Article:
Evidence of new arrests, harassment and illegal detentions by Guinea security forces
|Publication Date||3 December 2009|
|Cite as||Amnesty International, Evidence of new arrests, harassment and illegal detentions by Guinea security forces, 3 December 2009, available at: http://www.refworld.org/docid/4b1e0e3c1c.html [accessed 25 September 2016]|
|Disclaimer||This is not a UNHCR publication. UNHCR is not responsible for, nor does it necessarily endorse, its content. Any views expressed are solely those of the author or publisher and do not necessarily reflect those of UNHCR, the United Nations or its Member States.|
Guinea's security forces are continuing to arrest and harass activists and others, following a massacre during a political protest on 28 September, Amnesty International found during a recent visit to Guinea.
Mouctar Diallo, vice-president of Guinea's national human rights commission, was arrested on 26 November. Amnesty International discovered that Diallo is being detained in military Camp Alpha Yaya, for "endangering the security of the state".
The Amnesty International delegation, that returned from Guinea on Tuesday, also found cases of over 40 people who attended the rally and whose whereabouts are still unknown. This includes dead bodies that were identified in photographs and film footage taken at the stadium but were not subsequently found at any of Conakry's hospitals, morgues, mosques or military camps including Camp Alpha Yaya Diallo.
The whereabouts of others who attended the rally is now unknown. Amnesty International fears that they may have been killed or subjected to enforced disappearance.
The official death toll from the protest at Conakry's stadium is given as 58 people but human rights organizations report that at least 157 people died.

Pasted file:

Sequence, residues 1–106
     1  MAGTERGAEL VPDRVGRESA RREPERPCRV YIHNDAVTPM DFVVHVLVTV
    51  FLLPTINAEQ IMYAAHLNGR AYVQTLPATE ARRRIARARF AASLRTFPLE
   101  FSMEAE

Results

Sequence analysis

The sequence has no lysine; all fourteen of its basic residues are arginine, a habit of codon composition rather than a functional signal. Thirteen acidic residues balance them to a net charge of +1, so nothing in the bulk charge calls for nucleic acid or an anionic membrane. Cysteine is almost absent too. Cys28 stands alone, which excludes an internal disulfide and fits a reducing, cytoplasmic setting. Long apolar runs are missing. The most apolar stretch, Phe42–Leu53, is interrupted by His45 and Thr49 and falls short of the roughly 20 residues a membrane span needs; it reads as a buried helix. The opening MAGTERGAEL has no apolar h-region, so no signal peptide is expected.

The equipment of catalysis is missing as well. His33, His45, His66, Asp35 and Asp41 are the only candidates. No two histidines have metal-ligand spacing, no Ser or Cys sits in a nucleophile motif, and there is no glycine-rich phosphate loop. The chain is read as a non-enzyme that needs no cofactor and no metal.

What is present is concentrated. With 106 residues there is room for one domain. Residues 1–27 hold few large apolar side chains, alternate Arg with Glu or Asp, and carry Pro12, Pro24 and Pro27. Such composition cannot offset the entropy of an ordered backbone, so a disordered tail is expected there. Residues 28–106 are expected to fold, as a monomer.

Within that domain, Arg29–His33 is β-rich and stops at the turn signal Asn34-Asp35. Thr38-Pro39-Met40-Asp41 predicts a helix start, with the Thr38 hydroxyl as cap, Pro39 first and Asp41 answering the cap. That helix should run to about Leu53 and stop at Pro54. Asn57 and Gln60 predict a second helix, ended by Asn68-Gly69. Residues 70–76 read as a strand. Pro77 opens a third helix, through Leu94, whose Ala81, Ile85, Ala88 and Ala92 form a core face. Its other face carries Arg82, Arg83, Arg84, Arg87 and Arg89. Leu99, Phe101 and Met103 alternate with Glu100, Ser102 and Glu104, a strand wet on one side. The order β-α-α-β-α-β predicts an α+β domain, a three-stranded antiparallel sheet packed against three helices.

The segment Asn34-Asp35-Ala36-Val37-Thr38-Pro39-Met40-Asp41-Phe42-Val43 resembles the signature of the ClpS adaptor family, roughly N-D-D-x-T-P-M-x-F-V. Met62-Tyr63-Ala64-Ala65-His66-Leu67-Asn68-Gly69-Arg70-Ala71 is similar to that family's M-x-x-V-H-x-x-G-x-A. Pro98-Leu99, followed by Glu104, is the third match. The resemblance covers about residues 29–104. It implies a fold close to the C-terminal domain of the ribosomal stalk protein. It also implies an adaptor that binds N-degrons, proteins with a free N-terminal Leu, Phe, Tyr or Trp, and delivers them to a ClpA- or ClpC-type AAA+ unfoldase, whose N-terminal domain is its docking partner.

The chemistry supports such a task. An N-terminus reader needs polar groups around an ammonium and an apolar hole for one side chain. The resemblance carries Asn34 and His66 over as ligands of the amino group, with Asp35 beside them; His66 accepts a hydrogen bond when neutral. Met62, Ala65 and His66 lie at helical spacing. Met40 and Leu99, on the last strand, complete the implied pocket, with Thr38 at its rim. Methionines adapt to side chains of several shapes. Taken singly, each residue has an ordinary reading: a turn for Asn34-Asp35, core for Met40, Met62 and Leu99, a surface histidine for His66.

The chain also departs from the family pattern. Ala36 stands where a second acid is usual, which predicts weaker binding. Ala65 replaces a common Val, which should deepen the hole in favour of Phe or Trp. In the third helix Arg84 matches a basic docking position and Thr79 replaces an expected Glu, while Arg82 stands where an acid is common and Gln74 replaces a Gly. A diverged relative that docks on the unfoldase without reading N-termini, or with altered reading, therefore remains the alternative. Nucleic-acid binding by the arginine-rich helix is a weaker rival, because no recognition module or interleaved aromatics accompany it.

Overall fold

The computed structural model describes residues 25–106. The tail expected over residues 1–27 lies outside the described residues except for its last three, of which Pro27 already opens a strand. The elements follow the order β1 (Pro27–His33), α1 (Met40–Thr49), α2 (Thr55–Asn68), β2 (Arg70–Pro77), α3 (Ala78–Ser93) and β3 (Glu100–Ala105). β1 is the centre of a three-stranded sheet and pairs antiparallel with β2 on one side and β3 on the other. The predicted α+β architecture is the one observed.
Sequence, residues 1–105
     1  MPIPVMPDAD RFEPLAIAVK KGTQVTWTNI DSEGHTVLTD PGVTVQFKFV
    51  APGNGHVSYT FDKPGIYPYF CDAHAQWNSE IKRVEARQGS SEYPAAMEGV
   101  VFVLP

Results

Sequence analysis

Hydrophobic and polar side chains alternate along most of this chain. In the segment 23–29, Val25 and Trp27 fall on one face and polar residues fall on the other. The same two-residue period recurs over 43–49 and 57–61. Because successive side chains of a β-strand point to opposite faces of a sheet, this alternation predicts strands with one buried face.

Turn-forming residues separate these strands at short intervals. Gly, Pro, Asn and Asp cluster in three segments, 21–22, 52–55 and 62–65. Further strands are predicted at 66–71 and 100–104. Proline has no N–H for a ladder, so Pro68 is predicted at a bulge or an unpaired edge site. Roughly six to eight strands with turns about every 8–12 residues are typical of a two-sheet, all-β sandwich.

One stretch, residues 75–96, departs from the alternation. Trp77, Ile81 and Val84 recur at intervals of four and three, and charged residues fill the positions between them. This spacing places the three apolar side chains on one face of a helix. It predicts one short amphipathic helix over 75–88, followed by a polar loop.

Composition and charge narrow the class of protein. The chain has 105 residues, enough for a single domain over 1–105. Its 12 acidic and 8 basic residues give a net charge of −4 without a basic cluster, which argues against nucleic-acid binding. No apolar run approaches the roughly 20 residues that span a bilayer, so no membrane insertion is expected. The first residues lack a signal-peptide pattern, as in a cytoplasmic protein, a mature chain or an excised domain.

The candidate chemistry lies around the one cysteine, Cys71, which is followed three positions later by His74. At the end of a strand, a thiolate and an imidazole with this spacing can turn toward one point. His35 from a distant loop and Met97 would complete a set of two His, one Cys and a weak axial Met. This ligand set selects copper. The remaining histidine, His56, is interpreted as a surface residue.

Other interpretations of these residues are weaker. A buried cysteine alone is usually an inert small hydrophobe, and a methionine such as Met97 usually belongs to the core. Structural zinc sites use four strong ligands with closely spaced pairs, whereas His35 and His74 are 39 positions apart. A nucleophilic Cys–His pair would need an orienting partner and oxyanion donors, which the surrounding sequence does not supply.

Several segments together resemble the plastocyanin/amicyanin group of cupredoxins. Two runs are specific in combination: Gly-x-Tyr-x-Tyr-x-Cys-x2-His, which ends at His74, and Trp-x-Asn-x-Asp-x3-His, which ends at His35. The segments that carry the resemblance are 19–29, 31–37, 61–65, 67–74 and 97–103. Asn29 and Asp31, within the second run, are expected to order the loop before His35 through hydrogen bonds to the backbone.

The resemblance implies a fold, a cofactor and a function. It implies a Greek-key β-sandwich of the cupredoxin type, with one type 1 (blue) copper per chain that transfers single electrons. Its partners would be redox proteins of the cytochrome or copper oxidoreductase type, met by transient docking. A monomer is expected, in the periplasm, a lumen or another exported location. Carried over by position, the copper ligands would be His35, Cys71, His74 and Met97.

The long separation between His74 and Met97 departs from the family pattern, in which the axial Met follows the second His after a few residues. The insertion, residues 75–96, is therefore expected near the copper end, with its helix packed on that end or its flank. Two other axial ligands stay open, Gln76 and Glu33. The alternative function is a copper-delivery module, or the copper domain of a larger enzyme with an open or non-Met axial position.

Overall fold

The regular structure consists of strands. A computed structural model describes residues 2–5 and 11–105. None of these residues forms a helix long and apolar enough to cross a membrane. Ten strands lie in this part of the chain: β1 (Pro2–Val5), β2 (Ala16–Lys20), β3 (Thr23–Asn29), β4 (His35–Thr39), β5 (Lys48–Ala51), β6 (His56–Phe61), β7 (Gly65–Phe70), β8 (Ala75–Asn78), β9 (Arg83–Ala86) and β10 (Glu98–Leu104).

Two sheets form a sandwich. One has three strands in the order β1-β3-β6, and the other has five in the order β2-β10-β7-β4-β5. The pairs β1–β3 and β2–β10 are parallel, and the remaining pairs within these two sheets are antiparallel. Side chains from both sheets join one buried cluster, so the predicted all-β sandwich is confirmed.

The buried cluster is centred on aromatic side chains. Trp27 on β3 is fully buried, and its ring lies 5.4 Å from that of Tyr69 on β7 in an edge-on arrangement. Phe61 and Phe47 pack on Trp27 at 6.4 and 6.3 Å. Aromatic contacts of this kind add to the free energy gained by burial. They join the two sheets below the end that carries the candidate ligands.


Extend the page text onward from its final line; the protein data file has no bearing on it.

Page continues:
Amnesty International has also uncovered fresh evidence about disturbing levels of sexual violence during the massacre.
Over 30 women told Amnesty International they were raped during the events of 28 September. Medical records gathered from Conakry's Donka hospital indicate that at least 32 female participants in the rally showed evidence of being raped.
One woman recalled seeing her friend attacked by five members of the "red berets" the Presidential Guard: "They ripped off her clothes with a bayonet, pinned her to the ground and raped her. They then fired a bullet into her vagina."
Several women interviewed by the delegation said they had been arrested by "red berets" soldiers at the demonstration and then held for over five days, during which time they were drugged, beaten and repeatedly raped while being filmed with mobile telephones.
"A climate of fear continues in Guinea. The authorities can no longer turn a blind eye to the human rights violations committed by its security forces," said Gaetan Mootoo of Amnesty International.
"The authorities must fully support the efforts of the UN's International Commission of Inquiry and ensure the perpetrators of these crimes are brought to justice."